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Florida Moms Demand Action, Students Demand Action, Everytown Criticize Florida House For Passing a Bill That Would Allow Teachers to be Armed

May 1, 2019

The Florida House Voted to Advance the Bill Despite Statewide Opposition From Educators, Veterans and Survivors of Gun Violence and Evidence That Arming Teachers Is a Risky Idea

TALLAHASSEE, Fla. – The Florida chapter of Moms Demand Action for Gun Sense in America and Students Demand Action for Gun Sense in America, both part of Everytown for Gun Safety, released the following response after the Florida House voted to pass SB 7030, which would expand the Guardian Program to allow classroom teachers to be armed, even over the objection of local sheriffs.

“Armed teachers have no place in our kids’ classrooms,” said Gay Valimont, volunteer leader with the Florida chapter of Moms Demand Action for Gun Sense in America. “The risks of arming teachers are well documented, as is the research indicating there are much better ways to keep our kids safe in school. We implore Gov. DeSantis to listen to Floridians and veto this risky bill. We will remember which lawmakers stand on the side of public safety at this critical time.”

“Students across Florida sent a clear message to Tallahassee: We don’t want our teachers to be armed,” said Jovanna Liuzzo, volunteer with the Florida chapter of Students Demand Action for Gun Sense in America. “We are frustrated and angry that members of the House ignored that message today, and as we register to vote we won’t soon forget that they turned their backs on us. We call on Gov. DeSantis to veto this bill.”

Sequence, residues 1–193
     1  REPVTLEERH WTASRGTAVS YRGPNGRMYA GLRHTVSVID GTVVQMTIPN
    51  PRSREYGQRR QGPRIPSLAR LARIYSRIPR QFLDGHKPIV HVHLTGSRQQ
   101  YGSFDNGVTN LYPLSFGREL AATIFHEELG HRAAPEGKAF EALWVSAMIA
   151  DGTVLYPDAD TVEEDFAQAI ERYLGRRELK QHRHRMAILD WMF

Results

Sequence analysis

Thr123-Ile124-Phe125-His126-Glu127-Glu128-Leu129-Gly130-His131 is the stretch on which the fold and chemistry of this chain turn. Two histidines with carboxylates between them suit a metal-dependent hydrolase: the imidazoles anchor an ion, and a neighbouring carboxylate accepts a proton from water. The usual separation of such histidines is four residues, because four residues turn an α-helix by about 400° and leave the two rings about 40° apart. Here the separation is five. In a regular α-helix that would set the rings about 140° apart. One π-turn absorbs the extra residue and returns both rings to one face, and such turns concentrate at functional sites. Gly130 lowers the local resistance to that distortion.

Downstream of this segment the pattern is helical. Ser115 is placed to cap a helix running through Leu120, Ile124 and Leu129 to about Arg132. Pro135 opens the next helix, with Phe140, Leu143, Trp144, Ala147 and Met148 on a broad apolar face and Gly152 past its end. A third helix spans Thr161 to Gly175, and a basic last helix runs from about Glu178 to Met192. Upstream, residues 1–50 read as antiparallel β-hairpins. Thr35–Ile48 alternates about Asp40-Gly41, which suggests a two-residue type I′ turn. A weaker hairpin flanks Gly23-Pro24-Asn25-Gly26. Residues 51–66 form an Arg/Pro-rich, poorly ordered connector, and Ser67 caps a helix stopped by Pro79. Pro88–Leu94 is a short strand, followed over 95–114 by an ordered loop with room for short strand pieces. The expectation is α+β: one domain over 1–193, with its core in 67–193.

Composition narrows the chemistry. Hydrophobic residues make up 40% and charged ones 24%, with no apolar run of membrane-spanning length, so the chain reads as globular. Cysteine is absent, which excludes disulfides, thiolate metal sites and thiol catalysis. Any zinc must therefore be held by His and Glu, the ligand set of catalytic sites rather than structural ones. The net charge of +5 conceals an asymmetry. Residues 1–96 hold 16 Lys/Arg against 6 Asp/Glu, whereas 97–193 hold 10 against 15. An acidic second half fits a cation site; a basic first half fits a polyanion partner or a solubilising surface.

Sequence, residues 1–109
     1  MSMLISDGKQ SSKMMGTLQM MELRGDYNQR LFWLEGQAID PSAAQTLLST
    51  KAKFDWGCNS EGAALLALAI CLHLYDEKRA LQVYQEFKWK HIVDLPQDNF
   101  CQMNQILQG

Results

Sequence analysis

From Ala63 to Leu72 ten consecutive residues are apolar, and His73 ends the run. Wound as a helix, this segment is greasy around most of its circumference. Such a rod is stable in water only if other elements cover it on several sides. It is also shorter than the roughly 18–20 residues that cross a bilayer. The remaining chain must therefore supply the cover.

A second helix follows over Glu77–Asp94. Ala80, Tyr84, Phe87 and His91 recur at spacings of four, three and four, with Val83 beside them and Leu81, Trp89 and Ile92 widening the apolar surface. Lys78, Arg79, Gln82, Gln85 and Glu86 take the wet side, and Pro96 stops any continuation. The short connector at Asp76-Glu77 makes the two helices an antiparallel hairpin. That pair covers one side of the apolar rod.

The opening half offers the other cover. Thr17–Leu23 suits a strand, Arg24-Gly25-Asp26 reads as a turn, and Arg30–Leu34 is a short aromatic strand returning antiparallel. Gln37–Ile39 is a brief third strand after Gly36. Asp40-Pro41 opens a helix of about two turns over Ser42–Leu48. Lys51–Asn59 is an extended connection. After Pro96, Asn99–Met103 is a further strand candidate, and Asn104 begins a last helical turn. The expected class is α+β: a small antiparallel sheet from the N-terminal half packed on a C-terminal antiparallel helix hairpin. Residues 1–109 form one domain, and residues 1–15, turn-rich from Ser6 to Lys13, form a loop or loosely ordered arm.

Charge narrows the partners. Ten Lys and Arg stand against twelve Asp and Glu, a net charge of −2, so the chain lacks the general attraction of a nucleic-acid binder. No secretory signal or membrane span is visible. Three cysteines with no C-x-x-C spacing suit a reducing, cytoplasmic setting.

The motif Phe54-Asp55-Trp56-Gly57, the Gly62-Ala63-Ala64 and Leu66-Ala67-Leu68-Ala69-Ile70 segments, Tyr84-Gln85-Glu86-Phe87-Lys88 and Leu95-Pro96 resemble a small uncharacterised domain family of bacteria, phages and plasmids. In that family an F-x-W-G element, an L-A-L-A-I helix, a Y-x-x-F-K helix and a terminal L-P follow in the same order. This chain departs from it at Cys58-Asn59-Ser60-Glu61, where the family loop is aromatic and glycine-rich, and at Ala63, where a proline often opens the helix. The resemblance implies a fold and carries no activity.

SB 7030 would expand the Guardian Program established in the Marjory Stoneman Douglas High School Public Safety Act, which is an already unpopular and dangerous program. A report from the Tampa Bay Times revealed that only a minority of school districts have chosen to implement the Guardian Program and several of those that did experienced problems. In fact, the Sarasota school board, Hillsborough school board and Pinellas school board have already voted not to allow teachers to be armed even if the legislation passes.

Editorials from the Gainesville Sun, Sun-Sentinel, Tampa Bay Times, The Palm Beach Post and the Sarasota Herald-Tribune have opposed the idea of arming teachers. Recently, an article in the Miami New Times highlighted instances of Florida teachers misusing guns, indicating that arming teachers is dangerous and can lead to unintentional shootings.

Arming teachers is also unpopular with voters; a recent poll from Quinnipiac University showed that a strong majority of Florida voters oppose allowing teachers or school officials to carry guns in schools, even if they are given training.

Research indicates that arming teachers will make children less safe. For this reason, school safety experts, teachers, parents and law enforcement officials across the country oppose arming teachers, including the Florida Education Association. The National Association of School Resource Officers, the largest organization of school-based law enforcement officers, also opposes arming teachers.

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